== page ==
‘Even if you don’t know Newman’s place in art history, walking into a space full of his paintings can inspire contemplation. They give you nothing and everything to look at, these huge canvases whose only subject is themselves, enveloping you in the moment, confronting you with seemingly pure fields of color and contrast.’ (Molly Glentzer, “A different stripe,” Houston Chronicle)
By Richard Mather
In an 1965 interview with art critic David Sylvester, Jewish-American artist Barnett Newman stated that his overwhelming Vir Heroicus Sublimis (painted in 1950-51) “should give man a sense of place: that he knows he’s there, so he’s aware of himself.” The notion of place rather than space plays an important role in Newman’s work. Space is relatively unimportant to him because it is common property, without identity. Place, by contrast, takes into account both time and consciousness. It is place that generates in the viewer a “feeling” of his or her own “totality,” of their own “separateness” and “individuality” as they stand before his painting:
“[T]he painting should give man a sense of place: that he knows he’s there, so he’s aware of himself. In that sense he relates to me when I made the painting because in that sense I was there … To me that sense of place has not only a sense of mystery but also has a sense of metaphysical fact. I have come to distrust the episodic, and I hope that my painting has the impact of giving someone, as it did me, the feeling of his own totality, of his own separateness, of his own individuality and the same time of his connection to others, who are also separate.”
That Newman was given to metaphysical pronouncements will not be surprising to those who are familiar with his writings on art. Newman had a philosophical background and was later exposed to some of the existential ideas of Martin Heidegger and Jean-Paul Sartre. Indeed, Heidegger and Sartre’s preoccupation with being (being-in-the-world, being-for-itself etc) can be seen in some of the titles of Newman’s work: Right Here; Here; and Not There-Here, among others.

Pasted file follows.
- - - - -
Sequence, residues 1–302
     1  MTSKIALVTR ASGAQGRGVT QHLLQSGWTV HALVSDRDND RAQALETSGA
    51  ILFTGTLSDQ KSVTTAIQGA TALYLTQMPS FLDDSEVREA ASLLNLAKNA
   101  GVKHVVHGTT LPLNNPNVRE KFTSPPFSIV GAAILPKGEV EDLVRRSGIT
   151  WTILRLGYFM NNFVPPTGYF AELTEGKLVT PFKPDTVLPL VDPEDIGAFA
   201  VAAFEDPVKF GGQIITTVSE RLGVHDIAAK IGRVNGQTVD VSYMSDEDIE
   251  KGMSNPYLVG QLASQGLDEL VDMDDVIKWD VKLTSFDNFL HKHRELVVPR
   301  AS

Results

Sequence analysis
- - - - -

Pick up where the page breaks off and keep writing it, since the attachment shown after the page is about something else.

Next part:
Many critics have noted the significance of place and its Hebrew correlate, makom, which means “place” but is also a name of God (ha-makom) in Judaism. The Midrash (Bereishit Rabbah 68:5) explains that God is the place of the world, and yet the world is not his place. This idea resonated with Newman, according to Harry Cooper, curator and head of modern and contemporary art at the National Gallery. “He hoped such a place would be created between his art and the viewer,” Cooper remarked. (Quote taken from “His Cross To Bear” in the Jewish magazine Forward.)
Indeed, Newman used the term makom in 1963 when describing his design for a synagogue:
“It is a place, Makom, where each man may be called up to stand before the Torah to read his portion … My purpose is to create a place, not an environment … Here in this synagogue, each man sits, private and secluded in the dugouts, waiting to be called, not to ascend a stage, but to go up to the mound [bimah]where, under the tension of that “Tzim-tzum” that created light and the world, he can experience a total sense of his own personality before the Torah and His Name.”